Urban/Rural Divide Prevalent at first County Board Meeting of 2019
TJ Leverentz | Jan 9, 2019 AT 6:02 am
It’s certainly not to the degree of polarization seen in Washington, but a rural-urban divide led off the first Winona County Board Meeting of 2019.
In the past four years, the board used a rotation to determine which commissioner would chair the board. In 2019 Steve Jacob, commissioner of the rural third district, was scheduled to assume the role of chair.
That changed when Commissioner Greg Olson, who represents western Winona, proposed to scrap the rotation schedule and have the board elect its chair. Newly elected commissioner of the urban first district, Chris Myer, approved this motion saying she feels responsible to vote for a board chair that represents the will of her constituents.
Even though the chair position is far more grit than glamor, it comes with the power to make appointments to the planning and zoning commission, a position with heightened importance when considering the Daley Feedlot expansion and Winona County’s fracking ban.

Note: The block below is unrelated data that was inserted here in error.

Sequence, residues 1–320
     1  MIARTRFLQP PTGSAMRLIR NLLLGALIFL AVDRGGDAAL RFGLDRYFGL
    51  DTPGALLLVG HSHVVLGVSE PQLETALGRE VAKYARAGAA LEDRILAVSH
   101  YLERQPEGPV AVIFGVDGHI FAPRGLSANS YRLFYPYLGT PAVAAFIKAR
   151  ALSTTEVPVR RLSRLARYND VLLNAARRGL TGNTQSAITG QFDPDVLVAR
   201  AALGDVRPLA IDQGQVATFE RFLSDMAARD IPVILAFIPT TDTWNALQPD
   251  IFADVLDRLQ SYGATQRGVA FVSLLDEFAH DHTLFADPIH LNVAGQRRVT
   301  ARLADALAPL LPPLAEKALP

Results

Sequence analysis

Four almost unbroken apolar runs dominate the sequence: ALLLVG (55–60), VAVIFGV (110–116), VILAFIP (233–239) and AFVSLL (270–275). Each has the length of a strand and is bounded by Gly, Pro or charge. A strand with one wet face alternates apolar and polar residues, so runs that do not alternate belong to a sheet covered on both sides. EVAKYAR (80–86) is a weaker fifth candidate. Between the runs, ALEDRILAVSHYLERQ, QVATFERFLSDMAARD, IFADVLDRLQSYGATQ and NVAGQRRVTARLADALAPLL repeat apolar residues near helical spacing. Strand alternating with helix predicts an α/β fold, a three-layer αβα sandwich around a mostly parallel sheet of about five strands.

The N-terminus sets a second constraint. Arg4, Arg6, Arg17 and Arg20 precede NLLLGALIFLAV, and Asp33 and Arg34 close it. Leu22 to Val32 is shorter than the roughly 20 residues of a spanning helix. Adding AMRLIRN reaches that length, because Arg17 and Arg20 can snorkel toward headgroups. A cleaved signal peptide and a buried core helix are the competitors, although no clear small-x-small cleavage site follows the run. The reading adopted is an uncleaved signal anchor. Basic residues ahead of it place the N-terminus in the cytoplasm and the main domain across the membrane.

The board voted 3-2 to appoint second district commissioner Marie Kovecsi as the County Board Chair. The two rural commissioners, Marcia Ward and Jacob, were the two dissenting votes.
One item of note is the county planning commission mainly impacts the citizens of rural Winona County. The citizens of Winona fall under the jurisdiction of the city’s planning committee, not the county’s.
Ward pointed out that rural Winona County citizens cannot sit on the city’s planning committee but citizens from the city of Winona can sit on the county planning commission, even though they are not as impacted by the county planning commission as rural citizens are. Ward characterized this as an unfair representation.
Jacob said the change in the appointment process felt like a power grab by the urban commissioners to keep rural influence off the county planning commission. He went on to say that this was a rough way for the board to start in 2019 and not much more could’ve been done to squash the idea of working across the rural-urban divide on the county board.
Stay tuned to KWNOradio.com throughout the remainder of the week for more on the Winona County Board’s first meeting of the new year.